After being involved in trail running for about 25 years and watching the sport grow in popularity, Wanaka’s Malcolm Law realised there was a gap in the market for a comprehensive online mapping system.
Trail information on existing websites was usually based around hiking or mountain biking, rather than being “run-centric,” and he spent his time poring over maps to find potential trails, he said.
“I thought, there’s got to be a better way than this.”
Along with his wife, Sally, also a keen trail runner, Mr Law founded Wild Things NZ Trail Running Club.
The pair spent about six months working with a web-designer to upload trail information before the site went live nine months ago.
“When we first launched the trail guide we had 200 different runs.
“We now have over 500 all around the country.”
The vast majority of information on the website is free to access and anyone is able to submit a new trail or leave reviews.
Runs were broken into 10 different grades depending on factors such as distance, terrain, and technicality.
Each trail also featured a “grunt” and “gnarl” factor, along with reviews and extra information, including suggested gear lists, whether the trail was dog-friendly, and the best places to eat afterwards.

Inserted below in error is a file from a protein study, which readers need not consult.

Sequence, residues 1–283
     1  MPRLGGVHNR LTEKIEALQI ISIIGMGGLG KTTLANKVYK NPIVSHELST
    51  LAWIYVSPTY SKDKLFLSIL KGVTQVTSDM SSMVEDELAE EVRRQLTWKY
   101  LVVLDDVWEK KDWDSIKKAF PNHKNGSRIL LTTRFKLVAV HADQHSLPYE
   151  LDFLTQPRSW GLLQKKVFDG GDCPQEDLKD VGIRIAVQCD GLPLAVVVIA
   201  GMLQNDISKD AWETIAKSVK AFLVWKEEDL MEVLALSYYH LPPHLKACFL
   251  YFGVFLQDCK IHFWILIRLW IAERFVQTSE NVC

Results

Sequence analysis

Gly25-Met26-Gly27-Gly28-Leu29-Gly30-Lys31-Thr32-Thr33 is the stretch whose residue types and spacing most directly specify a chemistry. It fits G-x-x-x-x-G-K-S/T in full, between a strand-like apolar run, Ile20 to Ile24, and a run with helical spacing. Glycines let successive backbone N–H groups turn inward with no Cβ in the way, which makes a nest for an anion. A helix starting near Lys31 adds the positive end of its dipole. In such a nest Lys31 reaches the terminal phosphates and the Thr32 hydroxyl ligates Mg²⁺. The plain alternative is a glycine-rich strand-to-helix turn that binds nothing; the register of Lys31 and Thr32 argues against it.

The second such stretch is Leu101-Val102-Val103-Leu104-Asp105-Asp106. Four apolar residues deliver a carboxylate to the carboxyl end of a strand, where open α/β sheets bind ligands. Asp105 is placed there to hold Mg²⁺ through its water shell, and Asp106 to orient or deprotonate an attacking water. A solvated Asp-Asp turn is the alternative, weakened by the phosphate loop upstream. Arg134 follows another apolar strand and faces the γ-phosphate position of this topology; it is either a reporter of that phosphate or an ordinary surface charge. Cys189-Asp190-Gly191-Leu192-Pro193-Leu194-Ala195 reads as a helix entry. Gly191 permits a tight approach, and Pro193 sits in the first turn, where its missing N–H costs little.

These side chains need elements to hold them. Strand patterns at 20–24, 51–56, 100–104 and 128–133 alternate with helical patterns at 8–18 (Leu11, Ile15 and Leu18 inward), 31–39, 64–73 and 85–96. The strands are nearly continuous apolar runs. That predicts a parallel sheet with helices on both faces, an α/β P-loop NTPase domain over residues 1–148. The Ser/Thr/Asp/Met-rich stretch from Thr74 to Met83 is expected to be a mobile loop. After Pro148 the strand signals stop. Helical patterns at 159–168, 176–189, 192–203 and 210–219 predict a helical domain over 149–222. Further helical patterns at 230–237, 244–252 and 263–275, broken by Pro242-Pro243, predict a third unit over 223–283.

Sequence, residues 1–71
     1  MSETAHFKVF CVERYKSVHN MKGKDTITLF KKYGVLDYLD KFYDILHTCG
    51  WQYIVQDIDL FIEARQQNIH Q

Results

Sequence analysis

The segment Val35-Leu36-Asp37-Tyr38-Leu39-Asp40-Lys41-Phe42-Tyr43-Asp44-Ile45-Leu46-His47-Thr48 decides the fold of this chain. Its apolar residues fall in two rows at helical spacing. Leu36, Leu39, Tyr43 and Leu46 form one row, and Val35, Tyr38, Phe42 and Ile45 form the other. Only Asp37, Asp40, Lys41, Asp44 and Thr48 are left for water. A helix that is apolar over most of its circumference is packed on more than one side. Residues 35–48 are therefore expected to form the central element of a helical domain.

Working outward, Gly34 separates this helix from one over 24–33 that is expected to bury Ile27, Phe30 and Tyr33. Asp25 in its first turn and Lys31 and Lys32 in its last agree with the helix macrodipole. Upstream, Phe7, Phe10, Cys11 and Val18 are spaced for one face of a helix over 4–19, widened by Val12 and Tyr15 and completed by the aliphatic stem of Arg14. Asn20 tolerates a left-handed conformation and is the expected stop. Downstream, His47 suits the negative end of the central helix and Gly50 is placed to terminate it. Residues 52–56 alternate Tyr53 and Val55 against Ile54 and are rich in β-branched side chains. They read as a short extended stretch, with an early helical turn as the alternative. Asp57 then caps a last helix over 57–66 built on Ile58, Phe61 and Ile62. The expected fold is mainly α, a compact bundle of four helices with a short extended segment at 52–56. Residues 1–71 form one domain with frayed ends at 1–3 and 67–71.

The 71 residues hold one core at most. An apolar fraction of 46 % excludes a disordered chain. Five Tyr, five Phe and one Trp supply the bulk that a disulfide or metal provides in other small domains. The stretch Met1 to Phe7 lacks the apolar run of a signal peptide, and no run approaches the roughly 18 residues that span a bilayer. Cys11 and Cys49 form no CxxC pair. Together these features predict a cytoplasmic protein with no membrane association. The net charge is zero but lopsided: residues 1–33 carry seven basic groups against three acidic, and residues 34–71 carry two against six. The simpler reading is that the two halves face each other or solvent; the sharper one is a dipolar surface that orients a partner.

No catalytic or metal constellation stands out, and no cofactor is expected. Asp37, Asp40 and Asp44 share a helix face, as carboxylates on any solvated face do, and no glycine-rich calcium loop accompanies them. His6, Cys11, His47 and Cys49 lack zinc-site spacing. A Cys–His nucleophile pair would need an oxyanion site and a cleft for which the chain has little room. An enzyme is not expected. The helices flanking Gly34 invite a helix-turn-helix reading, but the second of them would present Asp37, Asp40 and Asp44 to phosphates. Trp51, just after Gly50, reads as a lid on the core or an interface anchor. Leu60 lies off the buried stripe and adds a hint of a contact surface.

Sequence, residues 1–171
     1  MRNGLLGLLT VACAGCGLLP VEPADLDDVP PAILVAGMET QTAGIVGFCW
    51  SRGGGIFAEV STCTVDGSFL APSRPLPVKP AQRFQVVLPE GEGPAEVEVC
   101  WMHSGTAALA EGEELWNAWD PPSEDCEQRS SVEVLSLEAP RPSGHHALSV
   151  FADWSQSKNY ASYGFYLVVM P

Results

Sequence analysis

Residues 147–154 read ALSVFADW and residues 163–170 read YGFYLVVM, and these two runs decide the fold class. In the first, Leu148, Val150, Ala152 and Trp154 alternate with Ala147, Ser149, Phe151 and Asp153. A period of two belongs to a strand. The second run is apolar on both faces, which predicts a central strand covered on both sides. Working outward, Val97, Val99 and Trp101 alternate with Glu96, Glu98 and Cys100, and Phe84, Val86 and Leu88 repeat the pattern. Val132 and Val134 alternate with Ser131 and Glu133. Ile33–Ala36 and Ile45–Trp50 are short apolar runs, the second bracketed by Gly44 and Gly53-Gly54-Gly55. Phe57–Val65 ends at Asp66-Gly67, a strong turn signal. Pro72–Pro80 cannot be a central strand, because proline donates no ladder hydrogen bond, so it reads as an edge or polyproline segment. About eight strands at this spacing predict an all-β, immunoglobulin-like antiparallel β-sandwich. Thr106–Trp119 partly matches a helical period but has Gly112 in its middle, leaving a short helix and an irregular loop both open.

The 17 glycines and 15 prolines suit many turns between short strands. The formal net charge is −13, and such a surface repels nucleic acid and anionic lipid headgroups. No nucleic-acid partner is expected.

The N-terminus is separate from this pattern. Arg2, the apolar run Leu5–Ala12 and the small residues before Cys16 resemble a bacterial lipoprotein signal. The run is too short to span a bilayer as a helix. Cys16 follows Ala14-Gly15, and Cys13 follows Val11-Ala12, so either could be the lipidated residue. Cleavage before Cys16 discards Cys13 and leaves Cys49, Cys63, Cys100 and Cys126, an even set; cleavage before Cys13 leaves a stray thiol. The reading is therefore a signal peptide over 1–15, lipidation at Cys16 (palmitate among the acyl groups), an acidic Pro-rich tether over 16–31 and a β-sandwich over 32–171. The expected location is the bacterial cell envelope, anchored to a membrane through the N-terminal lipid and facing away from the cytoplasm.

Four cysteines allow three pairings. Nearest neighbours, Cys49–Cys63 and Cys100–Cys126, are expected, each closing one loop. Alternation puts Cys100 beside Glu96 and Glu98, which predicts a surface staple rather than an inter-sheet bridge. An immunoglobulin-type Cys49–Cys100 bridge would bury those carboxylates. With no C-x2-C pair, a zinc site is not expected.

Feedback so far had been very positive and the goal was to have 1000 runs featured by the end of next year, he said.
“People absolutely love it.
“I knew there was a gap in the market but probably the feedback has been even better than I expected.
“One reason we’ve developed so much information is trail running as a sport has grown immensely in the last five years.”
About half the Wild Things members had been trail running for less than five years, he said.
When he chatted to runners about what they enjoyed about the sport, the words “freedom” and “adventure” were a common theme.
“I think it’s the gratification that people find that comes from it.
“It’s not a sport that requires a lot of equipment.
“It’s a very easy, pure experience. I think more and more people are seeing that.”
There was also a strong sense of community within running networks, something Wild Things tried to emulate through its website and Facebook page.
“People are there to support and help one another.
“That community can sometimes be harder to find in other sports.”
Sharing information online also ensured people were properly equipped and prepared to venture out on to new tracks, he said.
“What we’re trying to do is give them the confidence to go and explore.”
The online mapping project had been a long-held dream, he said.
“It’s something I’ve always wanted to do.
“It’s a bit of a legacy project.